Control Line Speed always seemed
like a great aspect of competition to get involved in, but like so many others, I just never made time
for it. There are some really cool videos on YouTube of C/L Speed models being flown. On a properly
adjusted engine, you can hear the engine break into a screaming 2-cycle mode after the airplane picks
up some speed and the propeller unloads a bit from the pilot whipping it. It is like seeing / watching
the afterburner kick in on a jet engine! A major change in the design of Speed models from the 1955
vintage of this "Monitor" is the use of a wing only on the inside. Rules require a minimum span and
projected area, so putting the wing on the "slow" side achieves the goal. I would love to have witnessed
the first time some guy presented his model to a judge with the wing only on the inside and smiling
as he challenged said judge to show where the rule book says the wing must be on both sides of the fuselage.
This video is Paul Eisner, from Surrey, United Kingdom, showing the setting of an F2A 2.5 cc
world record for Control Line Speed. Listen to that engine!
Two-Line Speed Plane: The 160.5 mph "Monitor" National Record Holder
By Leland S. Morton, Jr.
My modeling career started at an early age with rubber power models;
I started flying free flight gas models in 1939. Then when U-control came along I learned how to fly
an original speed ship with an Ohlsson .23 engine with a top speed of 60 miles an hour. Later, finding
Fireballs and my own designs more enjoyable to fly, I learned stunt and precision while working in a
hobby shop. As contests became more numerous I flew stunt at most of them, winning a few trophies and
engines. Then combat became the thing. I did very well in combat but lost too many airplanes.
What led me to building the "Speed Monitor" was my last combat ship. Considerable design and construction
hours were put into it and at its first contest it was completely destroyed - unnecessarily. I was very
discouraged, so I built speed ship #13 using some original ideas that didn't jibe with the experts.
This is the plane that "Doesn't Have It!" By that I mean as far as possible anything that would
tend to hold it back was eliminated.
It features a "pressure ease" cowl based on a theory that
if properly channeled there is enough ram air to cool the engine, eliminate hot spots and prevent air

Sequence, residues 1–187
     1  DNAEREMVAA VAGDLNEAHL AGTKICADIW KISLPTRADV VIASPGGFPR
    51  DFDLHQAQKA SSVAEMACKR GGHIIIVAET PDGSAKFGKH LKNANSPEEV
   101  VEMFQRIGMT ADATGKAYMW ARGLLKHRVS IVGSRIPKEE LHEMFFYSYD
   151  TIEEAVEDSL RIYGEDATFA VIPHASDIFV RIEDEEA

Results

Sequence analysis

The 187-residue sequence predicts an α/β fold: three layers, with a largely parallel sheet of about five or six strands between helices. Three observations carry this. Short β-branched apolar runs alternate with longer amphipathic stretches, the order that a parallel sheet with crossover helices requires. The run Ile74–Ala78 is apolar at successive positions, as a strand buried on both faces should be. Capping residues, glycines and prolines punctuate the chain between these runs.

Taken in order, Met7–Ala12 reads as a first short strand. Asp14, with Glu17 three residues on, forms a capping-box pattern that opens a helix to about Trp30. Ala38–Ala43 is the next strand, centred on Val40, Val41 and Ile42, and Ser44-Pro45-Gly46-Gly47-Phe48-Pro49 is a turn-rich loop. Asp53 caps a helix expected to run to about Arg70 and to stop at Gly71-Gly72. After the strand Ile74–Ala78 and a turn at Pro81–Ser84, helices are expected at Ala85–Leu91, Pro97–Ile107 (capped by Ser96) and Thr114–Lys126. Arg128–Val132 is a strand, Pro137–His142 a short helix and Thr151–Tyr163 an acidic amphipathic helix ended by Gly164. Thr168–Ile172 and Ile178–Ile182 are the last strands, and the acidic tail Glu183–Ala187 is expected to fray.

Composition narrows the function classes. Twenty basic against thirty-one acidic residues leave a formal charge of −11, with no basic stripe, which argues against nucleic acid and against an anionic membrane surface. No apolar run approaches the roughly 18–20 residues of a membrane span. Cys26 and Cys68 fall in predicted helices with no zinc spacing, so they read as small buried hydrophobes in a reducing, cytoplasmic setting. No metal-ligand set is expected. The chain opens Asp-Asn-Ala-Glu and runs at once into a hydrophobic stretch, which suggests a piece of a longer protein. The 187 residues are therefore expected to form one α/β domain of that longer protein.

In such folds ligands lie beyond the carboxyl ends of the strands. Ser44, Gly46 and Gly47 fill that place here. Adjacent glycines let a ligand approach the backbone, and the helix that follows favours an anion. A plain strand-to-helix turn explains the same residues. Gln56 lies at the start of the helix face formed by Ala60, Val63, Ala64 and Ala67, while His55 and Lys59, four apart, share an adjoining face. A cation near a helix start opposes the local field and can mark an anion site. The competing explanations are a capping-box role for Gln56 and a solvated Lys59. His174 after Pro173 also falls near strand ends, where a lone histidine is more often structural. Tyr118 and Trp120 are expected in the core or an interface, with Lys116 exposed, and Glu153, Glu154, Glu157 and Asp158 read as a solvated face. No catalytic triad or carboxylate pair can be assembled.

from stacking up in front of the cowl. The engine is a stock engine and the fuel was stock fuel ("This-Is-It"
hopped up). The prop was a stock 9/12 Tornado. The engine was Liqua-Moly treated before it was run.
First flight right out of the box was 155.11, which broke the national record. Second flight was 153
at the first record trials held in Dallas. It wasn't flown at the second record trials because of the
weather. At the third trials held February 21, it turned 156.32 first flight and 160.51 second flight
with a stock 9/12 Tornado and stock fuel pepped up a bit.
The construction method is not new inasmuch as crutch types have been used some 15 years or more.
It is, however, entirely hard wood except the channeling inside the cowl which is balsa. You start by
grinding the fins off on each side of your engine until they are flush with the outer screws in the
head, covering up and protecting the engine where necessary. This is done to reduce frontal area.
A Hell Razor pan was used, and modified by cutting rear skid off and filing all excess metal
off. The engine was then mounted. A 1-3/4 Froom spinner was used with a 1/8 back plate turned on a lathe
to keep it from binding on the fuselage when you tighten the prop. The fuselage top was sawed out to
the shape of the pan, using a piece of basswood 3/4" x 2 1/2" X 18"; then sawed to take engine.
Next the wing the wing was laid out; the dihedral was cut with a hand saw before laying out
the outline. The airfoil is a perfectly symmetrical section which according to theory flies at a slight
positive angle of attack. I couldn't find anyone who could measure it while it was flying 155.11 or
160.51, so theoretically it's inefficient, but there was no "lift" holding it back.
The rudder was made of 1/8" plywood and offset 3 degrees to help follow the circle. Fuselage top
was planked with 1/8" plywood extending from the two-thirds point on the wing to about midway of the
rudder. The remaining distance was filled in with scrap balsa because of working ease. The elevator
was 1/8" plywood; both elevator and rudder are symmetrically shaped. The cowl sides of 1/32" plywood
are glued to the top of the fuselage and wing. The balsa channeling was put in before the top (which
is recessed) was glued in place. Be sure and tape your cylinder head with about a 1/64" layer of masking
tape to give side clearance when fitting. After the cowl is finished carve the front of the fuselage
to fit the spinner, tapering up into the cowl.
Plastic Wood was employed to make fillets on cowl and wing. Cover all fillets with raw silk.
Finish as desired.
Full- size plans for Speed Monitor are part of Group Plan #55 A from Hobby Helpers, 770 Hunts Point,
New York 59, N. Y. (50¢)
Posted March 8, 2014
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Even during the busiest times of my life I have endeavored to maintain some form of model
building activity. This site has been created to help me chronicle my journey through
a lifelong involvement in model aviation, which
all began in Mayo, MD